Racism, Black Lives Matter and Protests
I am not shocked, but I am appalled. I wish that I could say that on behalf of all of us, but if we are honest with ourselves we have watched this series of events happen entirely too many times, and in most of those cases we have chosen to be silent, or to look away, or to flat out ignore them all together.
George Floyd, Ahmaud Arbery, Breonna Taylor, Tamir Rice, Trayvon Martin, Eric Garner, Sandra Bland, Michael Brown, Philando Castile, Alton Sterling, Botham Jean, Atatiana Jefferson and literally countless others, all dead at the hands of those hired to “protect and serve.” Go ahead, read that list one more time and say each name out loud as you do, reminding yourself that this isn’t even a fraction of 1% of the people that have suffered this fate. Black Lives Matter was born out of this atrocity, and not only because black lives matter but because for far too long we as a people have allowed them to believe that they don’t.
This changes now. This changes with us. BLACK LIVES UNEQUIVOCALLY MATTER.
What we see today is the result of dozens of generations behaving in a way that went unchecked. Let’s be honest, this country was founded and grown on the backs of slaves. Racism is even enshrined in our constitution; it is as fundamental to the American story as freedom of speech. Because of this founding principle, racism and oppression are systemic by their very definition, the fact that this continues to plague us nearly 500 years later is, and should be, unconscionable. Racism impacts all aspects of our society; with disparities from education to housing to healthcare. Until we start the course correction, we may never understand the deeply troubling effects, both physically and mentally, this has had on Black and Brown communities. The privilege afforded to some has not been used to advance the whole and frankly white people are responsible for this gap in opportunity and access. It’s uncomfortable. It’s touchy. It strikes a nerve. But nothing good comes from standing on the sidelines, we must introspect and be open to conversation. It’s not enough to be non-racist. Now is the time to be vocally ANTI-racist and stand in solidarity with our brothers and sisters who continue to be marginalized in our society.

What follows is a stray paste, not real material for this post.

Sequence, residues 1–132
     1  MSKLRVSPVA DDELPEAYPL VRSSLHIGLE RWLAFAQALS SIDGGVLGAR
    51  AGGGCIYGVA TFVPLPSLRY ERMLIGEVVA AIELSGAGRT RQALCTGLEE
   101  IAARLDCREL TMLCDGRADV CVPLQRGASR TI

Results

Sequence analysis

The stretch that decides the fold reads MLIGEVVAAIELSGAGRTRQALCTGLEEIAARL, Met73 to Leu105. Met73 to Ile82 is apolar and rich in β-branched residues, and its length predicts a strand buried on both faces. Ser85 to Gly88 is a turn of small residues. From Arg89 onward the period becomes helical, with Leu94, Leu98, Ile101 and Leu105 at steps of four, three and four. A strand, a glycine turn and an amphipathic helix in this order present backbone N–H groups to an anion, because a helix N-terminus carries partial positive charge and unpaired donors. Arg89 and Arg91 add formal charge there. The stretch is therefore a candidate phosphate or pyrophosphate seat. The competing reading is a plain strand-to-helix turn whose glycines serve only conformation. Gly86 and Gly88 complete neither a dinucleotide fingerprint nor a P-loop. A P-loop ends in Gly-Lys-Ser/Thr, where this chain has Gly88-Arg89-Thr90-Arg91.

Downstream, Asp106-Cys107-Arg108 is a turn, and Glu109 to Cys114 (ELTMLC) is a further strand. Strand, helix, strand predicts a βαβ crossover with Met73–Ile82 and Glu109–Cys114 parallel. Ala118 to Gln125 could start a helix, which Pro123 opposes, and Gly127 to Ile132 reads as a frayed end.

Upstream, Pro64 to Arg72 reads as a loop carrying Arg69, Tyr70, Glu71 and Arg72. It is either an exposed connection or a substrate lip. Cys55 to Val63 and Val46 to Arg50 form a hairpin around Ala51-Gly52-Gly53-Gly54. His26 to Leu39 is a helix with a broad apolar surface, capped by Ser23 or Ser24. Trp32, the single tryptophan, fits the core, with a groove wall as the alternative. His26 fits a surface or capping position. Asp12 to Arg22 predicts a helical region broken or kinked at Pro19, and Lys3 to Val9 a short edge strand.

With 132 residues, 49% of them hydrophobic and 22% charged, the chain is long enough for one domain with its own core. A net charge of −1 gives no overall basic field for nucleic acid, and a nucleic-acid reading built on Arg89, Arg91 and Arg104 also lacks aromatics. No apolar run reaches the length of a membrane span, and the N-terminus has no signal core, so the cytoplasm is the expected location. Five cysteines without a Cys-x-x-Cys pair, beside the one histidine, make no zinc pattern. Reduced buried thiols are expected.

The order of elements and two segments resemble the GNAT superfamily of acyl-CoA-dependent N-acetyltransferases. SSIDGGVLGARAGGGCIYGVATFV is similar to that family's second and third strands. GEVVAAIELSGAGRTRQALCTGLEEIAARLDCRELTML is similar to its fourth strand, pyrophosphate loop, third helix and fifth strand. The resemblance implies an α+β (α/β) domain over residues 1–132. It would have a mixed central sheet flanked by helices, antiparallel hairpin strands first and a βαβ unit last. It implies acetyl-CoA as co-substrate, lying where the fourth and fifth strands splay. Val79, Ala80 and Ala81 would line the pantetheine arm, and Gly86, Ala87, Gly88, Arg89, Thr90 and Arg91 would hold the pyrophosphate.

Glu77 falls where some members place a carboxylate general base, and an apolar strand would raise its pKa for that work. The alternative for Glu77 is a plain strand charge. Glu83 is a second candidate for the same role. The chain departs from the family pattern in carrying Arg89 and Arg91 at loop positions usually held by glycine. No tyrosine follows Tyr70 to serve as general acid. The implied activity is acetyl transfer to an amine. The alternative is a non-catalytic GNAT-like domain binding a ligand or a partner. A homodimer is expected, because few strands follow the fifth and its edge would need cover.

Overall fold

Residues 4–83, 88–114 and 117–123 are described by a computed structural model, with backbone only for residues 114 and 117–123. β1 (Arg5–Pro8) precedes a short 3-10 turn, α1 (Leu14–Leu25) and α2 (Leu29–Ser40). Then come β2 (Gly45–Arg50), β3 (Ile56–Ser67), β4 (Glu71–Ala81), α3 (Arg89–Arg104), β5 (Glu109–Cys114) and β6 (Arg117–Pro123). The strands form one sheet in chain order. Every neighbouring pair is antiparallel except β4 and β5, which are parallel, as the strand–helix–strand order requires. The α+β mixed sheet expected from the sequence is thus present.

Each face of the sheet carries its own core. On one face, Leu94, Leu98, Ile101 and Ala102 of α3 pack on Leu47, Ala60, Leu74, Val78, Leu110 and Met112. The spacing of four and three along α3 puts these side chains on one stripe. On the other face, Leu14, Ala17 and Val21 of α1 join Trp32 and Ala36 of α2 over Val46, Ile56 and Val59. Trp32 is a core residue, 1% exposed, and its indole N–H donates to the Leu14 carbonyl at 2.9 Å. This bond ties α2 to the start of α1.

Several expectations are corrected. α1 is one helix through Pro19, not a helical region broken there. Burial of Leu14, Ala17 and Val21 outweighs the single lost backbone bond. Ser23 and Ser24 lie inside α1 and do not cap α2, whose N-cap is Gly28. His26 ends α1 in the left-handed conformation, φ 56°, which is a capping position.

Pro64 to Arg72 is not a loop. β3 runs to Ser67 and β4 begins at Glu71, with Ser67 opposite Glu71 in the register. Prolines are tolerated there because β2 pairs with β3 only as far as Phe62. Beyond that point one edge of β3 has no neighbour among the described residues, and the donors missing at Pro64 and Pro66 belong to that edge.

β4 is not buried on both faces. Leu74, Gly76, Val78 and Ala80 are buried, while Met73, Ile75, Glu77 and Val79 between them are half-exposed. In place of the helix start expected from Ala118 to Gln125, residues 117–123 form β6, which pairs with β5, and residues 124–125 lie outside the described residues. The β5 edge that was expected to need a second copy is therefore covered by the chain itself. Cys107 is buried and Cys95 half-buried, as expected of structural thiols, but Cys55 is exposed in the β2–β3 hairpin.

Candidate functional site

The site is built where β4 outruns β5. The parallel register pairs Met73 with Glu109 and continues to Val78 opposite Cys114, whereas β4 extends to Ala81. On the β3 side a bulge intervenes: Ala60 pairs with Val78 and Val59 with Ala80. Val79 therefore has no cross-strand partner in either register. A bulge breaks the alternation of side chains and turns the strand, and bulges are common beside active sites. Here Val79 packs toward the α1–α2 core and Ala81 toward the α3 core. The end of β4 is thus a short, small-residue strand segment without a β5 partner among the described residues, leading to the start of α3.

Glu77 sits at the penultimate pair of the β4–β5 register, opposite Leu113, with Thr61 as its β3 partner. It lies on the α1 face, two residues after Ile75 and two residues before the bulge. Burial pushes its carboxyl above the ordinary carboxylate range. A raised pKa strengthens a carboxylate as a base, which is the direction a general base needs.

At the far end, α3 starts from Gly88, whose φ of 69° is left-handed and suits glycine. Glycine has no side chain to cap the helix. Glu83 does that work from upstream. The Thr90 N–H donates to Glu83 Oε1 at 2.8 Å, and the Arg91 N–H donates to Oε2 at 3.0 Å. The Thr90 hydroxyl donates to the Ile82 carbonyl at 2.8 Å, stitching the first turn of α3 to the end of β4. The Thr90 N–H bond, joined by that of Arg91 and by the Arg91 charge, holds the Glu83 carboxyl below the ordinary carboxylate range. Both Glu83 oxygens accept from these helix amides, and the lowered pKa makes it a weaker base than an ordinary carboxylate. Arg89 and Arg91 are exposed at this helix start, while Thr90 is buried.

As an organization, MerchLogix is reexamining our actions and recommitting ourselves to call out and dismantle the system of white supremacy and racial divide in America. In demonstration of this commitment and in effort to clean our own yard, we admit that we have not, in the past, closed our office in honor of Martin L. King, Jr. Federal Holiday. We recognize this now as a misstep and have immediately updated our policy to offer and encourage free PTO to any employee who chooses to use that day to forward or uplift our underserved communities. Furthermore, in order to more fully enable our employees to serve these communities, MerchLogix will now reimburse Paid Time Off (PTO) according to the following policy:
- Book your PTO and get it approved
- Go to a protest, volunteer with a social justice organization, or any other act of solidarity
- Submit evidence that you did the thing to HR
- HR will give you an administrative award to ‘refund’ that PTO to you
- Repeat as often as is necessary
These are just two small steps we as a company can take in hopes that others may reflect inward as well.
For one person, or one community, this problem is too big. To rebuild our foundation calls upon us all to use our talents in a way that will positively benefit our society and future generations. We encourage our team and broader community to find their individual voice in this movement and be a true agent of change, as silence is no longer an option. Some will protest, some will teach, some will lead, some will preach… whatever your role, we ask that you do it from love, and with love.
MerchLogix, as a company, myself, and the rest of the Senior Leadership Team will continue to broach the difficult conversations. We will continue to examine our hiring and promotion practices. We will continue to support organizations who are committed to the advancement of Black and Brown people. Below you will find some resources that myself and the rest of the executives highly encourage you to read.
- For white people who want to begin the process of self-examination, please start to learn about your captivity to race. The reverend Nibs Stroupe has some excellent writings and you can begin with this one: https://nibsnotes.blogspot.com/2020/06/no-excuses-no-exceptions.html
- For white people who consider themselves allies, please be intentional, sensitive and positive in your work to advance the end of racism. This is a good place to start – https://medium.com/equality-includes-you/what-white-people-can-do-for-racial-justice-f2d18b0e0234
- If you’re really serious about your commitment to ending racism, expand your mind with some actual books on the topic. Here’s a reading list to get you started: https://www.cnn.com/2020/06/03/us/amazon-best-sellers-books-race-trnd/index.html
If this message resonated with you and you find yourself newly committed or newly refreshed, please know in your heart that we are just getting started. We are going to have to be intentional about this conversation, this work, and our captivity to racism every day. It will not be quick, it will not be easy, it will not be without pain, but it will be worth it for all of us. I hope you’re with me as we go.
Nickolas E. A. Downey